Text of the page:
As BAE’s offer substantially undercuts the price offered by Italy, Kuwait appears to have decided to renegotiate the entire agreement. One source suggests that Italy may only be contracted to provide the 28 aircraft and related pilot training, with the support package going to BAE Systems unless Italy substantially lowers its price.

BAE Offers Fixed Support Costs

BAE Systems is able to provide the maintenance and support package at a much lower cost because it already has considerable experience in providing long-term sustainment contracts for the Royal Air Force’s Typhoon fighters.

BAE also provides similar services for the Typhoons it has already delivered to Saudi Arabia, and has set up a large spares inventory and infrastructure there which could also be used to support Kuwaiti Typhoons, thereby reducing costs.

Estimated to cost about €4 billion as proposed by Italy, the 20-year support package requested by Kuwait is far longer and far more expensive than is usually the case for combat aircraft.

The four Eurofighter nations agreed to a five-year combined Typhoon support package on March 30, 2012; at the time, BAE Systems said its share amounted to £446 million while Italy’s Alenia Aermacchi (as Finmeccanica’s aircraft division was known at the time) said its share was “worth more than €500 million.”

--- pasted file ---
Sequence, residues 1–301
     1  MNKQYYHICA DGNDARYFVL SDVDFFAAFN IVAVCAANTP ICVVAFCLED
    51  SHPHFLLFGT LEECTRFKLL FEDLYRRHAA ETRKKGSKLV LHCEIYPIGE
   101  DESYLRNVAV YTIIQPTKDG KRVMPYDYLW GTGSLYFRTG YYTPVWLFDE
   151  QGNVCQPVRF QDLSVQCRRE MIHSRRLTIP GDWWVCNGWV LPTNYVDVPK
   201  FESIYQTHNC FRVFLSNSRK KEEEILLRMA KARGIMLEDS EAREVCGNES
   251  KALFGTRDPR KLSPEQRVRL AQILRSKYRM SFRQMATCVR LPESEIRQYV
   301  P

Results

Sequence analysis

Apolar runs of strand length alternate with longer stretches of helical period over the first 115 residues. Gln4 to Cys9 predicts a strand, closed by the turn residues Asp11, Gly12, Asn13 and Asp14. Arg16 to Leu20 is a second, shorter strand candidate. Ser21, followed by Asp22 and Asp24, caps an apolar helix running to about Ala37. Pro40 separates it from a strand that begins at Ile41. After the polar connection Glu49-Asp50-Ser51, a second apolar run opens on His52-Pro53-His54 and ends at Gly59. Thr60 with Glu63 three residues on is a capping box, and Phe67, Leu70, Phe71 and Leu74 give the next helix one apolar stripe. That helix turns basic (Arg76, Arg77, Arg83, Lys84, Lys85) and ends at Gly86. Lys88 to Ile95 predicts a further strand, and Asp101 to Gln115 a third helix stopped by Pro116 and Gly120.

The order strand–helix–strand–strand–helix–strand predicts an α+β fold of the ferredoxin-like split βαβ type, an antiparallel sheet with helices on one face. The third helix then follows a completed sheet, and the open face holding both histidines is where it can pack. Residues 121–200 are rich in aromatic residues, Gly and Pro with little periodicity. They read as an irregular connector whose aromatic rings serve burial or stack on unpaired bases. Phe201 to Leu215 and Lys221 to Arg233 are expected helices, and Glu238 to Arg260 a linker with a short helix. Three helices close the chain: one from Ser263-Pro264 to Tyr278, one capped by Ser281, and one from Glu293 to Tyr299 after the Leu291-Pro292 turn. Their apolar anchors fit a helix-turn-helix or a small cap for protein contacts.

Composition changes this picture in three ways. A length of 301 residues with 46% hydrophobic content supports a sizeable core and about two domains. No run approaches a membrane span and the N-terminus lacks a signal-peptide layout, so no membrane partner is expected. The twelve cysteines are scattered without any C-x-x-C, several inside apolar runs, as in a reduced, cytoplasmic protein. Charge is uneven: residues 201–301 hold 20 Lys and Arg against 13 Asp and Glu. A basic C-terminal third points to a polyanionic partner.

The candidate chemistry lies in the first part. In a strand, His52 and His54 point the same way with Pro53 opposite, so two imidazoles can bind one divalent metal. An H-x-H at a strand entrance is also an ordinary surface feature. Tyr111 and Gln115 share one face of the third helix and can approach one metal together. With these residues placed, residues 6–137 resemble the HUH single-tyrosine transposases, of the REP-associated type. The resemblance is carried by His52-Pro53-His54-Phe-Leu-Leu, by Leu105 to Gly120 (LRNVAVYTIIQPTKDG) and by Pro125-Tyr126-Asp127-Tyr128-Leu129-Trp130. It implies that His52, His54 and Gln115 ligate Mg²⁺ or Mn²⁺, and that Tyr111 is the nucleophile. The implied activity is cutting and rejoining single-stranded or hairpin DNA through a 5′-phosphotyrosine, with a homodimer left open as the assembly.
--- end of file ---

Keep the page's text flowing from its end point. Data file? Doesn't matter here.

Given that Britain operates about 130 Typhoons (four times as many as Kuwait plans to buy), and that Kuwait’s support package covers 20 years (four times longer than the 5-year duration of the 2012 contract), support for 28 aircraft over 20 years could be expected to cost about £500 million, plus extras.

Support of the Typhoon’s EJ-200 engines is contracted separately from the airframes. The UK Ministry of Defence, for example, is paying an average of £86.5 million annually for engine support, under a ten-year, £865 million contracted awarded to Rolls-Royce in January 2010. A 20-year contract to support one-fourth as many engines could be expected to cost about half, or about £450 million plus extras.